Ducks like many animals have a varied diet. They like other living creatures require some variety in their diets to get the proper nutrition. There are many species of ducks. The diet of each species varies according to their location and edible options available. |
There are 112 Wild duck species. Species like the bronze-winged duck live primarily in South America, they are also known as the Brazilian duck. The red shoveler duck is also from South America. Ducks breed all over the world. So naturally, the breeds that multiply in one region will eat what’s available in that area of the world.
Ducks are omnivorous (eat both animals, plants, and anything edible). An example of what they'll eat is revealed in the American Black duck. This domestic duck breeds in the Atlantic Provinces of Canada and the northeastern states of the USA. Its diet consists of plants 80% of the time and plants for the balance. The animals they consume include small fish, mussels, insects, snails, amphipods and mollusks. They also eat wetland grasses, root stalks, leaves, stems, sedges, and seeds. Ducks graze when they’re on land and when they are in the shallow water they dabble for food eating fish and aquatic plants: smartweed, pondweed, and eelgrass. Ducks breed and when they're young, just days old, they eat invertebrates like mayflies, grub worms, dragonflies, beetles, and larvae.
The mallard is an invasive breed that is also domestic to the USA. It has been known to mate with other species contributing to many mixed breeds. It also can be found in many parts of the globe. This breed is on every continent on earth. Romanian mallards have been seen hunting smaller birds, grey wagtails, and black redstarts. Other mallards have been known to eat frogs. Their diet also consists of 40% animal and 60% plant. Females consume about ten percent more animal food when they're laying eggs.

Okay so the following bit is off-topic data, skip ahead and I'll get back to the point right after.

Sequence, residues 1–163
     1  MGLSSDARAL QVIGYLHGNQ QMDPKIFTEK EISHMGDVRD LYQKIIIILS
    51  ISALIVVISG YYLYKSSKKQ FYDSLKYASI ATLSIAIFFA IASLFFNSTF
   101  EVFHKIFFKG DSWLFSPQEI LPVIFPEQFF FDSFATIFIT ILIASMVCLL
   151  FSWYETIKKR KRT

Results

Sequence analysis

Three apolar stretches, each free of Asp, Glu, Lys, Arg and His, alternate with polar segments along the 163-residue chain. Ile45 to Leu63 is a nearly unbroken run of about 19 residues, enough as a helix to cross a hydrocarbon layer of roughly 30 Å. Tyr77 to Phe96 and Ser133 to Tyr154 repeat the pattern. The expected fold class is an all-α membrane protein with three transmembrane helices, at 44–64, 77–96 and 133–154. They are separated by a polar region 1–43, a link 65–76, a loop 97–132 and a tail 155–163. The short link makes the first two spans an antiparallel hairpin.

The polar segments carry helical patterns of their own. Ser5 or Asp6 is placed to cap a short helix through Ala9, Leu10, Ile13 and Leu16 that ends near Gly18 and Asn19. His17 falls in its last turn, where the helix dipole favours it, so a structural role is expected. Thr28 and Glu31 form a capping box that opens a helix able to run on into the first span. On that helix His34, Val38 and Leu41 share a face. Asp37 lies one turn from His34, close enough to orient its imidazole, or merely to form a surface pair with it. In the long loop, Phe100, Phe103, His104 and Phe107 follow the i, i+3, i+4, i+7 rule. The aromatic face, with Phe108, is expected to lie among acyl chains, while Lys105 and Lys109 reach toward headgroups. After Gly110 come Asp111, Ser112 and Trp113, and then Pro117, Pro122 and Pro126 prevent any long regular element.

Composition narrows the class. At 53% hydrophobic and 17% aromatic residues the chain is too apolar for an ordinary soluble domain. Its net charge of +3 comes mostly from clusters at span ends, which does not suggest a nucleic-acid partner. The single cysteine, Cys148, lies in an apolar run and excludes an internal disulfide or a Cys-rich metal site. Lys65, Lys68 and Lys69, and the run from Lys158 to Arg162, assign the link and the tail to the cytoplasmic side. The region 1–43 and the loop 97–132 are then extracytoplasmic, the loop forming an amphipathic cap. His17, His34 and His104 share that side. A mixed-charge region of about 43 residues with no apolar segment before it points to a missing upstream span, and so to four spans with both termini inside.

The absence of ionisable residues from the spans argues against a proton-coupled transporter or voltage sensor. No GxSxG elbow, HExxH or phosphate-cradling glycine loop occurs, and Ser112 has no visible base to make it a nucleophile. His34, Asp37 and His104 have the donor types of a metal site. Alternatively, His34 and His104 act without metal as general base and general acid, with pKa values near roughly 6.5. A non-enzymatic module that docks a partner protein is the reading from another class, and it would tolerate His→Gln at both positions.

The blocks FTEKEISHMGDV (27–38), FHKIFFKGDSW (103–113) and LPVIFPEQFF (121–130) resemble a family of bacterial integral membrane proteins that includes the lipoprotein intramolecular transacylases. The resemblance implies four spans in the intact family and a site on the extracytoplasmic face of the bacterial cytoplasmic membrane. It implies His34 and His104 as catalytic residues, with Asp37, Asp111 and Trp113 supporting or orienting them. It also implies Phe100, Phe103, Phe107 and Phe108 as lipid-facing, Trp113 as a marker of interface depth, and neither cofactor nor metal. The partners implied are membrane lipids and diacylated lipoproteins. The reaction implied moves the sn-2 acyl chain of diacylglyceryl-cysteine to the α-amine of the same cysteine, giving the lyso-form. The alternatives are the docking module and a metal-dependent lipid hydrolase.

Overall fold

The red-crested pochard found primarily in the large area spanning from the British Isles across Europe to China. They eat the usual omnivorous diet including grains such as rice. Their animal diet expands to include crab.
The duck diet changes as the seasons change and as mating or migrating occurs. When the females are carrying their young, they eat more animal food. In the winter when the duck often migrates the diet will change as the regional food supply alters. Their diet also varies based on the duck's competition for food. The duck also has to be wary of becoming the food for other animals. Their predators are varied ranging from birds of prey like eagles, owls, and harriers to ground and water animals like bullfrogs and snapping turtles that eat ducklings.
Ducks that survive into adulthood do have a wide variety of edible foods from which to choose. Adult ducks from every species eat animals, plants, and grains. They graze on land and they feed in shallow waters. The ducks' diet is influenced by the competition eating the same foods, mating and migrating. Despite the fact that they have to hunt for every morsel of food, most duck species that survive to adulthood have a lifespan between 20 and 27 years in the wild.
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